Mindfulness applications are popular tools for improving well-being, but their effectiveness is unclear. We conducted a meta-analysis of randomized controlled trials (RCTs) that employed a mindfulness meditation app as the main intervention to improve users’ well-being and mental-health related outcomes.
A systematic search was conducted in PsycINFO, PubMed, Web of Science, ProQuest Dissertations and Theses Global, the Cochrane Library, Open Grey and ResearchGate through June, 2020. Effects were calculated as standardized mean difference (Hedges’ g) between app-delivered mindfulness interventions and control conditions at post-test and pooled with a random-effects model.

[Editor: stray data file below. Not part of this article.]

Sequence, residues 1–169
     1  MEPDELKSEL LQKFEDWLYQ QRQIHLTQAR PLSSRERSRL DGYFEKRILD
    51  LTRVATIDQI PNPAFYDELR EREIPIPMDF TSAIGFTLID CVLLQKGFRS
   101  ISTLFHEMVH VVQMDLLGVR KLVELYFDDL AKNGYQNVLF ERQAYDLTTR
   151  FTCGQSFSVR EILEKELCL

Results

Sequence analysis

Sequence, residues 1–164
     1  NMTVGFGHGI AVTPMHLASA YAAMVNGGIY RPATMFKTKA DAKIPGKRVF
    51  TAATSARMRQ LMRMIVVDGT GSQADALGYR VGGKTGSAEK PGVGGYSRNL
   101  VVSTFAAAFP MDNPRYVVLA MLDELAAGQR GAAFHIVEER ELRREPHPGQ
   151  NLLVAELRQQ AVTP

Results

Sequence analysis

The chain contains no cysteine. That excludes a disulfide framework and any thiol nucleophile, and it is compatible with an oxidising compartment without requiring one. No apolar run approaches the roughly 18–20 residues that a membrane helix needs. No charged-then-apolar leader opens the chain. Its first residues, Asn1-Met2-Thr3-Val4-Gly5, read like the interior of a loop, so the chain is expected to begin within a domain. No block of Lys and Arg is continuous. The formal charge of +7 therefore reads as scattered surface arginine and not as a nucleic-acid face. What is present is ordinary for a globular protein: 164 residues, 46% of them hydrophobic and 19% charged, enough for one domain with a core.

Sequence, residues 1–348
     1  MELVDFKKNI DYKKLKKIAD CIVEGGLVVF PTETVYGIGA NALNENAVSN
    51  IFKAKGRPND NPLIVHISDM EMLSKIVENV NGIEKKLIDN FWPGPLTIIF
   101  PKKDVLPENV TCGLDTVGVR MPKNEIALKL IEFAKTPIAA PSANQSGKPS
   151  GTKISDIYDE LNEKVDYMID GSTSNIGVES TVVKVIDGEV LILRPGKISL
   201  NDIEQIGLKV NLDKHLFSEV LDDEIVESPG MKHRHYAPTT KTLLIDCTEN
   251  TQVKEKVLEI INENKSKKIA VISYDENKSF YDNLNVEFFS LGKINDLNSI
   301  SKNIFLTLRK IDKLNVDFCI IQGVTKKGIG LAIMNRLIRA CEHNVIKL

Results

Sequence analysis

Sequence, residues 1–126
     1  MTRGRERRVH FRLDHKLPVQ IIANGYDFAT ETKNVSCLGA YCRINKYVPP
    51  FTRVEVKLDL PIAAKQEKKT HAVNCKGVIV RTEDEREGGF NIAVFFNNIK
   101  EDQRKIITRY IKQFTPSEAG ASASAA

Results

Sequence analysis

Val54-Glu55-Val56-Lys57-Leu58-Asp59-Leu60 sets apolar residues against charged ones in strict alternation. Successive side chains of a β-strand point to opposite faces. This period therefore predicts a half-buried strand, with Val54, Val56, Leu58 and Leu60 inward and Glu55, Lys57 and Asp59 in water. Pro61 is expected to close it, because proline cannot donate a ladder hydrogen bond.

From 2637 records, we selected 34 trials (N = 7566). Significant effect sizes were found at post-test for perceived stress (n = 15; g = 0.46, 95% CI [0.24, .68], I2= 68%), anxiety (n = 15; g = 0.28, 95% CI [0.16, .40], I2= 35%), depression (n = 15; g = 0.33, 95% CI [0.24, .43], I2= 0%), and psychological well-being (n = 5; g = 0.29, 95% CI [0.14, .45], I2= 0%). No significant effects were found for distress at post-test (n = 6; g = 0.10, 95% CI [-0.02, .22], I2= 11%) and general well-being (n = 5; g = 0.14, 95% CI [-0.02, 0.29], I2 = 14%).
Conclusion and limitations
Mindfulness apps seem promising in improving well-being and mental-health, though results should be interpreted carefully due to the small number of included studies, overall uncertain risk of bias and heterogeneity.